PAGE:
Expanding awareness of mental health resources and increasing those able to provide help is crucial to addressing the youth mental health crisis, U.S. Surgeon General Dr. Vivek Murthy said Thursday during a stop in Chicago.
He told the City Club of Chicago that there was a 57 percent increase in the youth suicide rate in the decade before the COVID-19 pandemic. Currently, about 44 percent of high school students say they feel “persistently sad and hopeless,” he said.
It takes on average 11 years from when a child first experiences symptoms of mental health struggles to receive help, he added.
“These are all three numbers I keep in my head because they, to me, illustrate how profound this challenge is and why it is, I believe, the defining challenge of this generation,” Murthy said.
Part of the solution is to be more creative about who constitutes the mental health workforce. Along with psychiatrists and psychologists, Murthy said teachers can play a vital role in helping young people with mental health issues, as well as peer support groups, people in the community and those in the workforce like managers.
“So all of these folks constitute the community … they may not be part of the healthcare apparatus as traditionally defined, but they are going to be vital for us to address mental health in Chicago, and certainly all across the country,” he said.
Murthy also said the mental health stigma still lingers in minority communities. He noted that he grew up with a loving family, but he was still never comfortable talking with them about his own mental struggles while growing up.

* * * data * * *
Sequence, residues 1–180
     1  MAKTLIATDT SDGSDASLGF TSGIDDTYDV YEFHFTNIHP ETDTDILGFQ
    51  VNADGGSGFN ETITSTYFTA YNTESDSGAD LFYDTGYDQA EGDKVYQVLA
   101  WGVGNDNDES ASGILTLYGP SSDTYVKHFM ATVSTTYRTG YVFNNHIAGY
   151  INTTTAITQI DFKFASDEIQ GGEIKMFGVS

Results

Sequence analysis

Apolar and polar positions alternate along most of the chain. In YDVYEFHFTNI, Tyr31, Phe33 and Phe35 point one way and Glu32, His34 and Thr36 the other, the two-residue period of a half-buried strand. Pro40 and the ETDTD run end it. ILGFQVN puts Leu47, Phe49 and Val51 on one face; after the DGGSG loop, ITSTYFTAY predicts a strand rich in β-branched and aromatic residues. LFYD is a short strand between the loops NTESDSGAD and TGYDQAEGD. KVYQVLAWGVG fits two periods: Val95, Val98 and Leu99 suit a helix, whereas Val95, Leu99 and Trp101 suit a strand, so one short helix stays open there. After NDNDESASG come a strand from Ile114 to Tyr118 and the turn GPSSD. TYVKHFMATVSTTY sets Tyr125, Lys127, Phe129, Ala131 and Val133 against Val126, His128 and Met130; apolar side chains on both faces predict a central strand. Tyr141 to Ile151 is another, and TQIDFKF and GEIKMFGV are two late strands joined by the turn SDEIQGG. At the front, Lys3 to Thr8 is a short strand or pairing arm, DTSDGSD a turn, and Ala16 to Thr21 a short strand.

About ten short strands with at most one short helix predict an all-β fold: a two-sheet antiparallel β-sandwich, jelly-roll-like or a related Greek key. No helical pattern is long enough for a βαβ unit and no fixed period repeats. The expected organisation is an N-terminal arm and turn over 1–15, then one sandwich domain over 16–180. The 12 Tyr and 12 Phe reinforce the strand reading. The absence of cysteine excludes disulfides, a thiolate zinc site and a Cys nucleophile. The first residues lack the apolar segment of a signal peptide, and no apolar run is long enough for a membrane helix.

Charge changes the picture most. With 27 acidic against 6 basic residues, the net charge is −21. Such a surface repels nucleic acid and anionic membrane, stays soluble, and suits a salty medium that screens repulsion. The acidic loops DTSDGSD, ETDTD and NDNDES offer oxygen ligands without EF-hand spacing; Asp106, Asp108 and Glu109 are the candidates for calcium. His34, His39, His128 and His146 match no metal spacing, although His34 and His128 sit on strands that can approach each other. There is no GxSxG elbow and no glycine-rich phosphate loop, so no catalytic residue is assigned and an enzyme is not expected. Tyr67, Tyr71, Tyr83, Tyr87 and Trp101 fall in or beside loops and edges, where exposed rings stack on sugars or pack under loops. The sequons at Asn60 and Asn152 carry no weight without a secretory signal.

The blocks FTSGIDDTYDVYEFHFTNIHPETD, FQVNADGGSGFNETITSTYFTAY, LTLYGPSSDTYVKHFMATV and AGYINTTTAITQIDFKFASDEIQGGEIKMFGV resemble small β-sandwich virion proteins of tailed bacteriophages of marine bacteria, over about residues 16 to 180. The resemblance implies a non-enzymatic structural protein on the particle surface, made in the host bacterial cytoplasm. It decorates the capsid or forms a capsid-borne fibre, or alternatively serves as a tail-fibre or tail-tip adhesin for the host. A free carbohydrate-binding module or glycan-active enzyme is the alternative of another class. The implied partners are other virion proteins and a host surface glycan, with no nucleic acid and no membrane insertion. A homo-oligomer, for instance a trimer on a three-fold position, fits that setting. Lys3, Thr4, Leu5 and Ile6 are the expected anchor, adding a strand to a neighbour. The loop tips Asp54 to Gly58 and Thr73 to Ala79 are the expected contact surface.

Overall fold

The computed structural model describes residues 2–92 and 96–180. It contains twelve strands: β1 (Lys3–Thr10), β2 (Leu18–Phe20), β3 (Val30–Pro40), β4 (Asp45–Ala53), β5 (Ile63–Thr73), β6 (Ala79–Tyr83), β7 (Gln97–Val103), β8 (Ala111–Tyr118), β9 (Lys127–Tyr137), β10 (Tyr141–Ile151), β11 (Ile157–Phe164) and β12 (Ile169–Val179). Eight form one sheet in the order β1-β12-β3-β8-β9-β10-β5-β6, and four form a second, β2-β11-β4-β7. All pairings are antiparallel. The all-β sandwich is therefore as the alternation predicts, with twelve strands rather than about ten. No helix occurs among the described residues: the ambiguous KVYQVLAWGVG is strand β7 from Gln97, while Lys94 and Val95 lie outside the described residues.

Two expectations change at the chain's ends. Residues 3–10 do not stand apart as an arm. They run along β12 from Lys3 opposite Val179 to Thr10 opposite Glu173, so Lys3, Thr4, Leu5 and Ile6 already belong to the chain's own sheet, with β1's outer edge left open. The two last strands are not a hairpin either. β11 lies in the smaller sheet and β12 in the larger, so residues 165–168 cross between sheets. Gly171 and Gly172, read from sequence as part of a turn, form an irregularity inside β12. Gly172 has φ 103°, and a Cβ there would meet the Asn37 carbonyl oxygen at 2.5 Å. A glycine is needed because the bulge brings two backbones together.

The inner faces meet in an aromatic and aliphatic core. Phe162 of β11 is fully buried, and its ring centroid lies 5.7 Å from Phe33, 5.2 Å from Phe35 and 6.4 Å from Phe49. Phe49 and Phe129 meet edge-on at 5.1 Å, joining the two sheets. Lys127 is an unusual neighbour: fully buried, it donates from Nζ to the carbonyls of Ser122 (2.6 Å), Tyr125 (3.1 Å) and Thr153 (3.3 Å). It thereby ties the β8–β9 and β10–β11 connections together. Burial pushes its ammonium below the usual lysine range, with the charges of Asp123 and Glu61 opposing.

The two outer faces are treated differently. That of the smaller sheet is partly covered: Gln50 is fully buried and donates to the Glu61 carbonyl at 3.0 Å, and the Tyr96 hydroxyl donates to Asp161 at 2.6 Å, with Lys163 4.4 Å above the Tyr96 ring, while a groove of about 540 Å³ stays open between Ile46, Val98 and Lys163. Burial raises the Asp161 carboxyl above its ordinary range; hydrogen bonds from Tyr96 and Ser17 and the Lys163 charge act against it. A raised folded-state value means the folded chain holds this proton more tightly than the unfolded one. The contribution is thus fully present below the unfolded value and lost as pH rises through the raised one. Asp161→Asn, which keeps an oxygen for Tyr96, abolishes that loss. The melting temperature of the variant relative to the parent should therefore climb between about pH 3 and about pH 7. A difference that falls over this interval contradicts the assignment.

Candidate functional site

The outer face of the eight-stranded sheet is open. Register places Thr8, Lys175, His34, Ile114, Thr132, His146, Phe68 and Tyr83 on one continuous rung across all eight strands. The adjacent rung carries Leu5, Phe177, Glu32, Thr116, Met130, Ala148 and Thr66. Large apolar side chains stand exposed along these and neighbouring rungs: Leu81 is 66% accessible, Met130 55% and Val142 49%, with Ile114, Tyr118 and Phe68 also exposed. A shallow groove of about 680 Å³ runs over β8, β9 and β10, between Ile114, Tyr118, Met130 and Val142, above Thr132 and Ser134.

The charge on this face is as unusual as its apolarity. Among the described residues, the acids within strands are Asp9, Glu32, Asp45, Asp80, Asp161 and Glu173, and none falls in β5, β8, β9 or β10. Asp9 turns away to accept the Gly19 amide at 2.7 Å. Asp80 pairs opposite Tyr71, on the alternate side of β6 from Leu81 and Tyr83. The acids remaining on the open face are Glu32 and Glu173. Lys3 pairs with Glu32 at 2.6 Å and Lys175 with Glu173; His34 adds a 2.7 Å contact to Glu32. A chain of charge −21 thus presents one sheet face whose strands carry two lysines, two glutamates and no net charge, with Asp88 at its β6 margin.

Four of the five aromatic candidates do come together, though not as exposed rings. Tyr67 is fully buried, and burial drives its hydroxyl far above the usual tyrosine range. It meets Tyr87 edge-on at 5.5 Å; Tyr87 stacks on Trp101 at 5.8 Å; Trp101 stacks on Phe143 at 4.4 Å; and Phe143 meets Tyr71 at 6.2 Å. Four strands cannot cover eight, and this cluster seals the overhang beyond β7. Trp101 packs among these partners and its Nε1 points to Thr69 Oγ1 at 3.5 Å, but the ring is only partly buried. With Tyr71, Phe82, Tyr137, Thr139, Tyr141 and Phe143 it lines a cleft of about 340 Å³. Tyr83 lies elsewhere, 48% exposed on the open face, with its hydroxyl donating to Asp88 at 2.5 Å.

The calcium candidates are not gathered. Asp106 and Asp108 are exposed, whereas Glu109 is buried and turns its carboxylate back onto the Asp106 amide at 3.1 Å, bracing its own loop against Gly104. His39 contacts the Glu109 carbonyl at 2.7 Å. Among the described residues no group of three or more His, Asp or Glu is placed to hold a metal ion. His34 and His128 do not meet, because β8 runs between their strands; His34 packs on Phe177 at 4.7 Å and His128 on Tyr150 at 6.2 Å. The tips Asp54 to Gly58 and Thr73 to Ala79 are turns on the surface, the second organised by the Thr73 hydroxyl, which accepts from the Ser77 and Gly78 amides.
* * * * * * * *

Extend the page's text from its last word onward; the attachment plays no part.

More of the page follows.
Additionally, his uncle committed suicide several years ago, and he still wonders if things could have been different if there wasn’t such a stigma about talking about mental health struggles.
Murthy said two things do make him hopeful that society has started to turn the corner on youth mental health.
“One is young people themselves who talk very differently about mental health today than the generations that came before them, and I think in that way young people are showing us a better way forward a more honest, open and real way forward, which is to be honest about how you’re feeling,” he said. “But I think the other thing is like we’re seeing more and more, even in older generations, a recognition that we’ve got to think and talk differently about mental health.”